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Karl Barth on the Ascension of Christ

via Karl Barth on the Ascension of Christ

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“The Beloved Community”: The Quest of Dietrich Bonhoeffer and Martin Luther King, Jr. for “True Humanity”

Hendrickson Publishers Blog

By Patricia Anders, Editorial Director

The year 1968 seems to have been a pivotal year. It was the year of Prague Spring as Czechoslovakia fought for independence from the Soviet Union, North Korea captured the USS Pueblo and held American servicemen hostage for almost a year, tragedy exploded in My Lai and the Tet Offensive in Vietnam, Bobby Kennedy was assassinated, and Thomas Merton and Karl Barth both died on December 10. It was also the year of the first orbit around the moon, the first 747 jumbo jet, the first successful heart transplant, the launch of Intel, 60 Minutes aired for the first time, The Beatles released The White Album, the anti-war musical Hair opened, London Bridge was sold and later moved from England to Arizona, and McDonalds sold their first Big Mac (for 49 cents).

The problem of race relations in the U.S. was also heating…

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A Leopard Tamed: A Book Fifty Years Too Early

via A Leopard Tamed: A Book Fifty Years Too Early

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Happy 140th Birthday, Martin Buber!

via Happy 140th Birthday, Martin Buber!

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The Reason to Smile at Christmas—Musings on Luther, Barth, Foyle, and Longfellow

Hendrickson Publishers Blog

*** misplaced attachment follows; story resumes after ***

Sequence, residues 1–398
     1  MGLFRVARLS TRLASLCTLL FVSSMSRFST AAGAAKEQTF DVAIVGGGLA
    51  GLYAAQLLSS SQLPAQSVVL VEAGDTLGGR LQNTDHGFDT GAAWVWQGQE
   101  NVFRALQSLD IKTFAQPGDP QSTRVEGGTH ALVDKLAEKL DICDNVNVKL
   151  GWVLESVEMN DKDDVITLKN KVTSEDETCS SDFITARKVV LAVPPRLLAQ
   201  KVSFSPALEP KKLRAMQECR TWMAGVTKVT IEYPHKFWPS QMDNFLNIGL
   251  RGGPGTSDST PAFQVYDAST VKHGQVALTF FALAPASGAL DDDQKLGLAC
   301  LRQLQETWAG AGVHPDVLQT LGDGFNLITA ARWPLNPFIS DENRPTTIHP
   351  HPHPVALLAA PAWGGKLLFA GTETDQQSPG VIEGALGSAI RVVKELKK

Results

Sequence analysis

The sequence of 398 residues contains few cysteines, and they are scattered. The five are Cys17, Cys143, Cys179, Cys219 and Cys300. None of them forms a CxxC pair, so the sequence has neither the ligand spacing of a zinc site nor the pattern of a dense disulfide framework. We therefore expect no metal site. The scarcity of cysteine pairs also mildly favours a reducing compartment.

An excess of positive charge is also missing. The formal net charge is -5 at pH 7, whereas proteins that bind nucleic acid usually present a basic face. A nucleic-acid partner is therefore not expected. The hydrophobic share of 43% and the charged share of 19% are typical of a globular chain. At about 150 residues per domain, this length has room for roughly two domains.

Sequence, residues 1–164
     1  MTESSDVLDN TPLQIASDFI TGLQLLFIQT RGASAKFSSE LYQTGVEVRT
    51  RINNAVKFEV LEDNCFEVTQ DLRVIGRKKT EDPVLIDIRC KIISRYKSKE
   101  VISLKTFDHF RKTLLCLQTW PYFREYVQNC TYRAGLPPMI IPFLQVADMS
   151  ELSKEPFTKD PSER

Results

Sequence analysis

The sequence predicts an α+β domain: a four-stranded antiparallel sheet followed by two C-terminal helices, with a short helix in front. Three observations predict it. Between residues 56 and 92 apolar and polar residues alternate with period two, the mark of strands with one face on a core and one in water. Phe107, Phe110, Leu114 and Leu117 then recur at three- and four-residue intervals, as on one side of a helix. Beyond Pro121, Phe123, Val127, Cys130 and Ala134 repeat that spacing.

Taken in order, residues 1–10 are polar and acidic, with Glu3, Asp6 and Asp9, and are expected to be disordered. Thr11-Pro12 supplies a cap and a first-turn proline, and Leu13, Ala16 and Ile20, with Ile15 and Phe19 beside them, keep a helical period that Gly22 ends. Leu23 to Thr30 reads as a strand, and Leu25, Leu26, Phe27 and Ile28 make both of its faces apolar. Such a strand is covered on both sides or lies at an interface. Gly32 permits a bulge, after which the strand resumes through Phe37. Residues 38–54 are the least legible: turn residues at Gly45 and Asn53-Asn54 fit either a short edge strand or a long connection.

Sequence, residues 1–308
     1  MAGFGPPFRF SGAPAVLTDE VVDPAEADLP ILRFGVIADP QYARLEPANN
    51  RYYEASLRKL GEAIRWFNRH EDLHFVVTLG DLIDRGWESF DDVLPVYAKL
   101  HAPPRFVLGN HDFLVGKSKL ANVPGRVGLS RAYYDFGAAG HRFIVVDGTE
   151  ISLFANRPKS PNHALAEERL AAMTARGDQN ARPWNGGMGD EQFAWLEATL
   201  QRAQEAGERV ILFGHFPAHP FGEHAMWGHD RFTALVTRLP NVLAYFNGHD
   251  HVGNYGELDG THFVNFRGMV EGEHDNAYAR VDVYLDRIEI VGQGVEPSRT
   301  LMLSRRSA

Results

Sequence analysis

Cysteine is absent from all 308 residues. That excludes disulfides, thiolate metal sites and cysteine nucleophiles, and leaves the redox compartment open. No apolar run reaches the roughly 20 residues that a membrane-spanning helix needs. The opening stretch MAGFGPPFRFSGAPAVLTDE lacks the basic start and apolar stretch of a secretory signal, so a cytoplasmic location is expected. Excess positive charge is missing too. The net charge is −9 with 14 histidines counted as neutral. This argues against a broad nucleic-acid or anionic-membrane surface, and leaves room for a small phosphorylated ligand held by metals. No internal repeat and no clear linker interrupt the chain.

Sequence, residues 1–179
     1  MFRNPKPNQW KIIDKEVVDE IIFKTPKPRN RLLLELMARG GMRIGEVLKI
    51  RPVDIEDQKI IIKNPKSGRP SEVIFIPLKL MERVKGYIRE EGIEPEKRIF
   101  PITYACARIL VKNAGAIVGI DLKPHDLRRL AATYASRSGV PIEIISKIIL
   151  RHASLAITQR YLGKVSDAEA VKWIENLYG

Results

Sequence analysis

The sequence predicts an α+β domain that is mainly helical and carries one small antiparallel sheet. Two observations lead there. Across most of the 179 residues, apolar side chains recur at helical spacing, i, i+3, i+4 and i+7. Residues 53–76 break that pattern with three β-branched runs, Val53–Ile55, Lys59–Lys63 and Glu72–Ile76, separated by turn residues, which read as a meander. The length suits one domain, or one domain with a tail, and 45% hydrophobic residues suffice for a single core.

By Patricia Anders, Editorial Director

And the Word became flesh, and dwelt among us, (and we beheld his glory, glory as of the only begotten from the Father,) full of grace and truth.

By “flesh” we understand the whole man, body and soul, according to the Scriptures, which call man “flesh,” as above, when it is said, “Not of the will of the flesh”; and in the creed we say, “I believe in the resurrection of the body” (German: flesh), that is, of all men. . . . The evangelist [John] uses a comprehensive word and says, “He became flesh,” that is, a man like every other man, who has flesh and blood, body and soul. . . . He came that he might become the Light of men, that is, that he might become known; he showed himself bodily and personally among men and was made man. …

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“A Heart Deeply Affected”: Musings on Jonathan Edwards, William Shakespeare, Tom Stoppard, and Edward Albee

Hendrickson Publishers Blog

By Patricia Anders, Editorial Director, Hendrickson Publishers

I am bold in saying this, but I believe that no one is ever changed, either by doctrine, by hearing the Word, or by the preaching or teaching of another, unless the affections are moved by these things. No one ever seeks salvation, no one ever cries for wisdom, no one ever wrestles with God, no one ever kneels in prayer or flees from sin, with a heart that remains unaffected. In a word, there is never any great achievement by the things of religion without a heart deeply affected by those things.

—Jonathan Edwards, A Treatise Concerning Religious Affections (1746)

A Tale of Two Plays (and a Play within a Play)

Who's Afraid of Virginia Woolf? Who’s Afraid of Virginia Woolf?

I have seen two plays lately: Rosencrantz and Guildenstern Are Dead by Tom Stoppard, and Who’s Afraid of Virginia Woolf? by Edward Albee. The first one…

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What It Means to Take up Your Cross: A Lenten Meditation

Hendrickson Publishers Blog

By Patricia Anders, Editorial Director

“It’s not so simple following Jesus to Jerusalem. What he says is so grave and serious.” These are the opening words in a chapter titled “Take up Your Cross” in Barbed Wire and Thorns: A Christian’s Reflection on Suffering, by Swedish writer and pastor Lena Malmgren. “If any want to become my followers,” she continues with Jesus’ words, “let them deny themselves and take up their cross and follow me. For those who want to save their life will lose it, and those who lose their life for my sake, and for the sake of the gospel, will save it.”

In this time of Lenten reflection, we need to ask ourselves what Jesus means by this. How can we take up our cross and follow him? Perhaps Luke in his Gospel can shed a bit more light on this statement from Jesus: “If…

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